Embrace for a Strongman
PRESIDENT BUSH once made the authoritarian president of Kazakhstan, Nursultan Nazarbayev, a focus of his freedom agenda. He urged the ruler of the energy-rich Central Asian nation to allow more freedom for political parties and media and to hold a fair election for president. The effort failed utterly: Mr. Nazarbayev was awarded 91 percent of the vote last December in an election condemned by international observers. Two months later, a leading opponent was brutally murdered by members of the state security forces. In July, Mr. Nazarbayev ignored Western objections and approved a law tightening already-strict controls on the media.
Today Mr. Bush is treating Mr. Nazarbayev to a White House visit, following a special demonstration of family friendship: The Kazakh leader was a guest of the president's father at the Bush compound in Maine. In short, Mr. Nazarbayev has suffered no consequences for his rejection of the democracy agenda. Instead, he is being feted as a valued ally because his government is supportive of U.S. military operations in Afghanistan and Iraq, and because Kazakhstan recently agreed to pump some of its rapidly growing supplies of oil through a U.S.-backed pipeline to the West. Even the fact that Mr. Nazarbayev has been accused by U.S. federal prosecutors of accepting the bulk of $78 million in bribes -- a small part of the fortune his family has amassed -- has been ignored by the White House.
Mr. Bush has given numerous speeches in the past several years repudiating what he says was the mistake of backing corrupt authoritarian regimes in the Middle East in exchange for economic and security cooperation, as well as an illusory "stability." But that is exactly what he is doing in Kazakhstan -- and in Azerbaijan, Pakistan, Libya and Egypt, among other Muslim countries. Perhaps the only difference is that in the past, the United States rarely attempted to persuade governments to liberalize. Mr. Bush has asked Mr. Nazarbayev, Azerbaijan's Ilham Aliyev and Egypt's Hosni Mubarak to change. When they refused, his administration, in effect, shrugged. It did not significantly alter economic aid, military cooperation or any other aspect of the relationship.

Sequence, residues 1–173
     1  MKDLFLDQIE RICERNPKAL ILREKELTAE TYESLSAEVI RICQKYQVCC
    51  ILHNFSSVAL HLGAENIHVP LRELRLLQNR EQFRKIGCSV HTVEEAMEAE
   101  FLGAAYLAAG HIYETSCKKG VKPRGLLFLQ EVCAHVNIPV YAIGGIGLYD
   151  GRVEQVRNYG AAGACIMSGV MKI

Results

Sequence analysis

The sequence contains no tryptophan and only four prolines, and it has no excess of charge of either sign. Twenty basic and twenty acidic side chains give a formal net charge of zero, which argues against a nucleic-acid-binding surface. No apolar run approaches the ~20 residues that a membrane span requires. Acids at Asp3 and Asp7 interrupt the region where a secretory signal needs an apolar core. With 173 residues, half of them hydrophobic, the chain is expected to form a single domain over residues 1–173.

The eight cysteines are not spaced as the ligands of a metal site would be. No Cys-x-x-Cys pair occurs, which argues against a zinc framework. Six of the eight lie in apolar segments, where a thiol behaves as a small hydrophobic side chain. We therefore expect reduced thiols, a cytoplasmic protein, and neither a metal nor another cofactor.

Administration officials defend the Kazakh policy with arguments that are familiar from the Cold War: that it is better to "engage" a strongman than to shun him; that Russia and China, which are competing with the United States for political influence and energy resources in Central Asia, are happy to embrace Mr. Nazarbayev. Such arguments merely condemn the United States to a losing geopolitical strategy, since strongmen will always be more likely to align themselves with Russia and China than with the United States. The arguments also ignore Kazakhstan's own strategic interest in diversifying its energy customers and partnering with the world's only superpower.
In fact, the history of U.S. relations with Muslim states during the Cold War -- such as Iran and Iraq -- vividly demonstrates the shortsightedness of befriending rulers such as Mr. Nazarbayev. That, at least, is what Mr. Bush says in his speeches.